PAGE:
Hey all. So I managed to solve this fluid calculator problem but I’m not especially happy with the solution. I saw other solutions using method_missing (e.g. the Calc2 class I include below) but I’m uneasy about method_missing. Any suggestions for improvements here? Thanks in advance…

class Calc
attr_accessor :str
def initialize
self.str = ''
self
end
def plus
self.str << '+'
self
end
def minus
self.str << '-'
self
end
def times
self.str << '*'
self
end
def divided_by
self.str << '/'
self
end
%w(zero one two three four five six seven eight nine).each_with_index do |num, index|
define_method "#{num}" do
if self.str == ''
self.str << index.to_s
self
else
eval(self.str << index.to_s)
end
end
end
end
# nice n compact, but method_missing blech
class Calc2
def method_missing(method_name, *args)
@numbers ||= []
@numbers << { one: 1, two: 2, three: 3, four: 4, five: 5, six: 6, seven: 7, eight: 8, nine: 9, plus: "+", minus: "-", times: "*", divided_by: "/" }[method_name]
@numbers.size == 3 ? eval(@numbers.join) : self
end
end
require 'minitest/autorun'
class TestCalc < MiniTest::Unit::TestCase
def setup
@calc1 = Calc.new.four.plus.five
@calc2 = Calc.new.five.plus.four
@calc3 = Calc.new.six.divided_by.two
end
def test_1
assert_equal(9, @calc1)
end
def test_2
assert_equal(9, @calc2)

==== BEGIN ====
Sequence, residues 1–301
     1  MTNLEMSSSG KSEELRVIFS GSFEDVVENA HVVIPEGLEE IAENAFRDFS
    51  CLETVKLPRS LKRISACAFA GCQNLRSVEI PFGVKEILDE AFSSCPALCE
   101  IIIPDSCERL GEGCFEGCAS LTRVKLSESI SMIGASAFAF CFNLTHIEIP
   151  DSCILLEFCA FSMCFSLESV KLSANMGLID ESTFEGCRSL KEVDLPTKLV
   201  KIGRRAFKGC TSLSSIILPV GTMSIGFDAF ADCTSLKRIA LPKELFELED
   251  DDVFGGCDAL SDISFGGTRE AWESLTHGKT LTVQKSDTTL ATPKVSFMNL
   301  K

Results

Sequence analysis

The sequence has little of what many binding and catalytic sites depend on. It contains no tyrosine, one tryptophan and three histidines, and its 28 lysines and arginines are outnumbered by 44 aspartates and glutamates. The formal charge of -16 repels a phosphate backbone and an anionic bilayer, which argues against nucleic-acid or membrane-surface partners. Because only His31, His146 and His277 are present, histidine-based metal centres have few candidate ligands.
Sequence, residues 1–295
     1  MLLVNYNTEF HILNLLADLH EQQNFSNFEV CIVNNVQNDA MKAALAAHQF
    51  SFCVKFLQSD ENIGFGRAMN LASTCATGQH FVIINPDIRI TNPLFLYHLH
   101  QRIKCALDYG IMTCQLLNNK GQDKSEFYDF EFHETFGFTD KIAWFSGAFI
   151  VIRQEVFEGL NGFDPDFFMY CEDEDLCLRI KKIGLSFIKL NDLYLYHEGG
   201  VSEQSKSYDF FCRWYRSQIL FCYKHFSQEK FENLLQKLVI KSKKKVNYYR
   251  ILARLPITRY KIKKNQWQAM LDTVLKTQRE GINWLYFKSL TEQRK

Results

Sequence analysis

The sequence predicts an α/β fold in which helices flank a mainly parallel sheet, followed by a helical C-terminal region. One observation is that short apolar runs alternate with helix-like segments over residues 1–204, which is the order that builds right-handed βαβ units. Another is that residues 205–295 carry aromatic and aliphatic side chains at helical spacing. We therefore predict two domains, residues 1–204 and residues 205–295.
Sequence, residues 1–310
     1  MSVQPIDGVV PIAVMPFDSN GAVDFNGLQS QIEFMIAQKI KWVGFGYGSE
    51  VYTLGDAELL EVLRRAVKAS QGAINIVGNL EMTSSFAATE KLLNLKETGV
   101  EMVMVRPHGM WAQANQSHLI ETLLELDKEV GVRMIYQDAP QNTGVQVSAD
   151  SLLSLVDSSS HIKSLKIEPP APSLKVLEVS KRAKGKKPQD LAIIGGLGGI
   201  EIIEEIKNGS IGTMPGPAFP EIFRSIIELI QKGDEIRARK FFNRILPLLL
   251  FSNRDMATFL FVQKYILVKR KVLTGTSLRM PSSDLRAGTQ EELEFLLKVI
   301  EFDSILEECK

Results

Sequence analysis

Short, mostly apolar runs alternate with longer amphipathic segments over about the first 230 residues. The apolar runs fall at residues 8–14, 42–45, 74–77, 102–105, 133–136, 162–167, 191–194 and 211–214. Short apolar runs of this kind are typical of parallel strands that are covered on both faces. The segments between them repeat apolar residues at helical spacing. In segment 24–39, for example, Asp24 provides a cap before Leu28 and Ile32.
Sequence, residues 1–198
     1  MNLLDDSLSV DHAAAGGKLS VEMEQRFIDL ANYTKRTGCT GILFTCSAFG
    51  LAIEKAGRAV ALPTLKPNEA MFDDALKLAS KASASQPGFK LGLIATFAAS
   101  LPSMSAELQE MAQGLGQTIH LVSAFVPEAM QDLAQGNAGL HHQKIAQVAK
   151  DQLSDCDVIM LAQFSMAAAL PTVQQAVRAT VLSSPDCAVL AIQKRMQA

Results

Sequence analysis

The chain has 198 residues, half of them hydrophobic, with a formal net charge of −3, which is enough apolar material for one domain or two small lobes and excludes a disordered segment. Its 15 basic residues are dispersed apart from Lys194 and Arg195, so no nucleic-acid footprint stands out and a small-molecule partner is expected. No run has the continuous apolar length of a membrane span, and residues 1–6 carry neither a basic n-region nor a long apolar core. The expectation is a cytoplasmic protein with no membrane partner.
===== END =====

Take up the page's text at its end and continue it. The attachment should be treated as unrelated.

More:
end
def test_3
assert_equal(3, @calc3)
end
end

Thanks for the feedback, I appreciate it. What do you suggest would be a good name for the variable here? I could’t think of anything particularly descriptive.

I 100% agree that the method_missing version is not the way. I prefer the define_method version if for anything, because you don’t have to remember to add in a respond_to?(method).

Please accept this slight revision, bringing the code at least to a more idiomatic ruby form, and while I am at it, I’ll name your state variable something. It IS a string, but what does it represent? A running ticker for a calculation, thus it’s new name: :calculation_ticker

class Calc
PRIMARY_INTEGERS = %w(zero one two three four five six seven eight nine)
attr_reader :calculation_ticker
def initialize
@calculation_ticker = String.new
# you cannot override the return of initialize
end
def plus
@calculation_ticker << '+'
self
end
def minus
@calculation_ticker << '-'
self
end
def times
@calculation_ticker << '*'
self
end
def divided_by
@calculation_ticker << '/'
self
end
PRIMARY_INTEGERS.each_with_index do |num, index|
define_method "#{num}" do
if @calculation_ticker == ''
@calculation_ticker << index.to_s
self
else
eval(@calculation_ticker << index.to_s)
end
end
end
end
require 'minitest/autorun'
class TestCalc < MiniTest::Unit::TestCase
def setup
@calc1 = Calc.new.four.plus.five
@calc2 = Calc.new.five.plus.four
@calc3 = Calc.new.six.divided_by.two
end
def test_1
assert_equal(9, @calc1)
end
def test_2
assert_equal(9, @calc2)
end
def test_3
assert_equal(3, @calc3)
end
end

Now that the code is cleaned up a bit I would like to address what I see as a fundamental problem here. Why are you chaining these number string as methods in the first place?

If your goal is to play, great, but this is the kind of dsl code I despise. What about this interface?

@zamith, that is better, thanks. @Dreamr, this was just a problem on Code Wars. I hadn’t heard of fluid interfaces, just thought it might be of general interest here.